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Friday, September 30, 2011

Quick Practice Tip: Releasing Tension in the Shoulder

The shoulder is a magnet for tension, especially as the student matures in age. Just about all of my older students or adults exhibit shoulder tension. Shoulder tension must be an adult person's most favorite way to "hold it in." I know that this was the case for me. I still work at it, and I have developed a few tricks to help me set my playing posture in a relaxed way.

Try these three simulations or games away from the violin:
  • When driving your car, rest your hands on the steering wheel at the 10 and 2 o'clock positions (please make sure that you are still paying attention to the road!). While you are driving, notice how light your hands feel on the wheel. Now, let your shoulders relax and your arms hang down. If you do this exercise correctly, you will notice that your hands begin to feel fairly heavy and hang from the steering wheel almost enough to pull the wheel down. Your shoulders are now completely relaxed.
  • When you are standing in church, rest your hands on the pew back in front of you. Or if you grocery shop instead, rest your hands on the handle of the shopping cart. Notice how light your hands feel on the pew back or shopping cart handle. Now let your shoulders relax and your arms rest downward. If you do this exercise correctly, you will notice that your hands begin to feel fairly heavy and hang from the pew or shopping cart handle quite strongly. Your shoulders are now completely relaxed.
  • Spaghetti Arms Game: You will need a partner for this game. Have your partner make fists in both hands and hold up the thumbs like joysticks. You grab onto the "joysticks." Your partner will then swing your arms around wildly, trying to take you for a wild amusement park ride and shake you off. Your goal is to stay connected to the joystick but to allow your partner to flail your arms around wherever your partner wants to go. If you are completely relaxed with "spaghetti arms" and still hanging onto the "joysticks," then your shoulders are completely relaxed. Note that this game is the most similar simulation to that of playing the violin. The joystick is your bow hold, which must be turned on. Your relaxed arms are how your shoulder should be: aware, relaxed, and going wherever it is led.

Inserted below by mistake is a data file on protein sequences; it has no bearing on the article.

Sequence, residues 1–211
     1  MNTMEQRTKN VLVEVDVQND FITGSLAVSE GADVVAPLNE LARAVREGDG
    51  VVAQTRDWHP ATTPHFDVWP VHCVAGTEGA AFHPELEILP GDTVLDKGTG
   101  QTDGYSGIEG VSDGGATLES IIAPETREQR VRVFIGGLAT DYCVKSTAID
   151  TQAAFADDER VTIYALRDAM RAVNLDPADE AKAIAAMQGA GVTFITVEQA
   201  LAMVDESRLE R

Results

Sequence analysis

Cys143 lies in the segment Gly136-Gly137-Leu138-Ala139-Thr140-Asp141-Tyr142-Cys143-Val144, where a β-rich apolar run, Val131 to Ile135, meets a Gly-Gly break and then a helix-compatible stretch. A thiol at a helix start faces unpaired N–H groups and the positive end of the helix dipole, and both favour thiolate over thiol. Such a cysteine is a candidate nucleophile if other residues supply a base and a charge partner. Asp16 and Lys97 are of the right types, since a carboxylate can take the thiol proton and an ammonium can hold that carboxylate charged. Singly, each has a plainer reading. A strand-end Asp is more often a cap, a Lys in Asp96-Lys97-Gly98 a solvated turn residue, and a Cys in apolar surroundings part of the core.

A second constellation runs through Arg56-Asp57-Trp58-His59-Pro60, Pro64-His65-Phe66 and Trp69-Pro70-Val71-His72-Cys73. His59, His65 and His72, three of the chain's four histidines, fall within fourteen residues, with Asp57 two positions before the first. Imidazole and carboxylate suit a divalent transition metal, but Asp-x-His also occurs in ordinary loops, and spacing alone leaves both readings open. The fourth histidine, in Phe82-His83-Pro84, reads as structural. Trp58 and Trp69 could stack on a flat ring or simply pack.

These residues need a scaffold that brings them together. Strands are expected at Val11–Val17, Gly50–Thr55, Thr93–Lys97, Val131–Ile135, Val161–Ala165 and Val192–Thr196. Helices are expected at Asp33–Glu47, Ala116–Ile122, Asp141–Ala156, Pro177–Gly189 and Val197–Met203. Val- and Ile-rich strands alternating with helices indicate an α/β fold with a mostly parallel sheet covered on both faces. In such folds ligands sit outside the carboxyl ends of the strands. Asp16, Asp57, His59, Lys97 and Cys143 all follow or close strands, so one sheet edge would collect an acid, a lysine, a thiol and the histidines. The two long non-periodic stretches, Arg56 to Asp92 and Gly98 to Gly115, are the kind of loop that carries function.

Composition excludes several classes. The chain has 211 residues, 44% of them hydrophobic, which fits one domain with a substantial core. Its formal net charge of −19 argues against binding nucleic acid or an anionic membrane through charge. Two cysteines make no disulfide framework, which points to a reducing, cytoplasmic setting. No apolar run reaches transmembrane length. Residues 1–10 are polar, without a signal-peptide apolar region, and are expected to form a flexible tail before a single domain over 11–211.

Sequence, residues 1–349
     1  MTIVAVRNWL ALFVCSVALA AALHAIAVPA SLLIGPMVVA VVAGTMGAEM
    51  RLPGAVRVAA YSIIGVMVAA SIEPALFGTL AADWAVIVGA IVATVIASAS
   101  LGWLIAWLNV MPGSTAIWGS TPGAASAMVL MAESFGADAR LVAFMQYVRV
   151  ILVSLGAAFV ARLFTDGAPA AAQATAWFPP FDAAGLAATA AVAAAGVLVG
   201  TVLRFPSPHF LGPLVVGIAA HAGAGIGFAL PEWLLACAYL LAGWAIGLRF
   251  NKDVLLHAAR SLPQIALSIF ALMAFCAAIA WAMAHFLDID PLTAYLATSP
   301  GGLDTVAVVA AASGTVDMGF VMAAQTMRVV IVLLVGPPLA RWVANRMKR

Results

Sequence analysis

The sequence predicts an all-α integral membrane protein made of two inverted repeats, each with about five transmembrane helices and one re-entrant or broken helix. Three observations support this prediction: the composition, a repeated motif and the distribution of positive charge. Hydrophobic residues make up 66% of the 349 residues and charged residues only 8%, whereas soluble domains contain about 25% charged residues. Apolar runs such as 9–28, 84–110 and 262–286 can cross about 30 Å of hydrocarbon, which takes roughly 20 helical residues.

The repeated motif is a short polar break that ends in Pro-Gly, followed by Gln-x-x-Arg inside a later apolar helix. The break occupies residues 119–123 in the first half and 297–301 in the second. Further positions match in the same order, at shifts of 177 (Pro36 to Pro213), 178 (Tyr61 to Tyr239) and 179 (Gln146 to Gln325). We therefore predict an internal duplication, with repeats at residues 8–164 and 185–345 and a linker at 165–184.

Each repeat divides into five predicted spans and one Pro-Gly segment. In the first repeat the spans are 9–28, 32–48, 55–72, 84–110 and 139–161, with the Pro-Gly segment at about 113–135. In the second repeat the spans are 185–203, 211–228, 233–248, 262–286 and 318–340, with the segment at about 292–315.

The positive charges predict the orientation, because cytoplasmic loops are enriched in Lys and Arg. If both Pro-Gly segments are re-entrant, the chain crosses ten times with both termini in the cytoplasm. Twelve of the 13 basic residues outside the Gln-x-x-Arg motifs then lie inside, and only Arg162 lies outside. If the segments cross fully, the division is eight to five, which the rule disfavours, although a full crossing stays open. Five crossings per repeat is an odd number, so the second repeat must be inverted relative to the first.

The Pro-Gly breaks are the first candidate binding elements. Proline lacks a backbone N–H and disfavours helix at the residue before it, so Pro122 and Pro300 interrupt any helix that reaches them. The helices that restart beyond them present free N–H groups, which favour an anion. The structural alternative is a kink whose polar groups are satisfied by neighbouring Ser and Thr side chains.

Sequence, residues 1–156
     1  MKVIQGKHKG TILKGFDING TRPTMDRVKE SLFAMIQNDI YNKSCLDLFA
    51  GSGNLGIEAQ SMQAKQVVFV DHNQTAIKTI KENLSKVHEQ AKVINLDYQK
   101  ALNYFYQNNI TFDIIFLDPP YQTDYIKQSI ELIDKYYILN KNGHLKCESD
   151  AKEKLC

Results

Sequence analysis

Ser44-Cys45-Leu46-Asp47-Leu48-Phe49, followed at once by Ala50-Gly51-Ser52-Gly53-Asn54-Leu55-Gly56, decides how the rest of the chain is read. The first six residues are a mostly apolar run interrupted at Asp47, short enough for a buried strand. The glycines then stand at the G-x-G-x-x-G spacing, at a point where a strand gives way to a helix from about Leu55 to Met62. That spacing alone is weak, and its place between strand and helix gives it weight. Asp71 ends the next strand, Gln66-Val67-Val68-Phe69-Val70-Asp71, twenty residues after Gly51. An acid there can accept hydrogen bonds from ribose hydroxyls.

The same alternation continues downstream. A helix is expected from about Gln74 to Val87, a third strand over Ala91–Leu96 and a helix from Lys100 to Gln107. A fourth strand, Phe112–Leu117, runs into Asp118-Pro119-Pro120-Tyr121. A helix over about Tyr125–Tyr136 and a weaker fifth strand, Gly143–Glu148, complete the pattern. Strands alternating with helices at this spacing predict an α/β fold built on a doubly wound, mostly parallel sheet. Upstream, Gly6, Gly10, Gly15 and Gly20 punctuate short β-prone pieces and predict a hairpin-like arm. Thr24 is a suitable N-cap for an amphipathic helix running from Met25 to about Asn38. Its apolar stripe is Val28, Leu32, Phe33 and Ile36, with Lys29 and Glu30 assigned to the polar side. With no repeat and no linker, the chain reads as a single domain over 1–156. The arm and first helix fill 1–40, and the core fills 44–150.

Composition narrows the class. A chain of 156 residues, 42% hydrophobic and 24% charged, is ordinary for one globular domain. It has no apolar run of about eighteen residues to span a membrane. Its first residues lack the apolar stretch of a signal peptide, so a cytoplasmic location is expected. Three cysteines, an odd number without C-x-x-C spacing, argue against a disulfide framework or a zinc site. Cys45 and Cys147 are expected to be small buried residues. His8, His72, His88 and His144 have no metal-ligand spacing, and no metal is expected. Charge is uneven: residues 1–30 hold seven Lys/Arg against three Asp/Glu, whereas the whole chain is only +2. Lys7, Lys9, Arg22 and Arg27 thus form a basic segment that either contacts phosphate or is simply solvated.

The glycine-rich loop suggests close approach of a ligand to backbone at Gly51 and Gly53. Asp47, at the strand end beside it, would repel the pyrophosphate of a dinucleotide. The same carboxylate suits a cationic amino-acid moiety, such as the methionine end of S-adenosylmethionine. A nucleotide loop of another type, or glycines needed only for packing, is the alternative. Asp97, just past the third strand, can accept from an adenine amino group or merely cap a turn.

Try these two simulations with the violin:
  • Submarine Air Lock Game: Pretend you are on a submarine, but you need to explore outside the vessel. Go into the air lock chamber. Turn on the mechanism that lets the air out of the chamber. Now you are ready to go outside the vessel. Relate this to the violin.
    • Set your bow on the string at the frog. Now, release the air from your shoulder.
    • "Set, Sink" are the two commands I use.
  • Flat Tire Game: Set your bow on the string at the frog. Now release the air from your tire (shoulder) so that it goes flat.
      Carry this to the next level in review work or group class activities:
      • Play "Song of the Wind" (violin book 1) and stop after every down bow circle. Recite "Set, Sink" before playing the next note. Make sure your bow hold is impeccable.
      • Play "Allegro" (violin book 1) and add  "Set, Sink" after every down bow circle.
      • Play "Perpetual Motion" (violin book 1) with a down bow circle after every note. "Set, sink."
      • Play "Etude" with a down bow circle after every note. "Set, sink."
      • Play "Chorus" (violin book 2) and add "Set, Sink" after every down bow circle.
      • Play "The Two Grenadiers" (violin book 2) and note the three down bow circle places. Are you setting and sinking at those places?
      • In violin book 4 and the Seitz concertos, there are several opportunities to set and sink the shoulder when placing down bows at the start of new sections. Play these concertos and ask the student to find places where the "set, sink" idea will be effective.
      When I first realized how much tension I had allowed to creep into my shoulder while playing my violin, I also found many opportunities to address the issue. I used my teaching in the studio to allow me to practice the exercises I have outlined above. I also found opportunities in symphony rehearsals and concerts to remind myself to "set, sink" before playing The only adjustment I had to make was to get ready to play in symphony a little earlier than usual to allow myself enough time to actually "set, sink." To this day, I still remind myself to "set, sink" after every down bow circle or after I have set my bow on the string.

      I also practice this exercise while driving, singing hymns in church, or grocery shopping.

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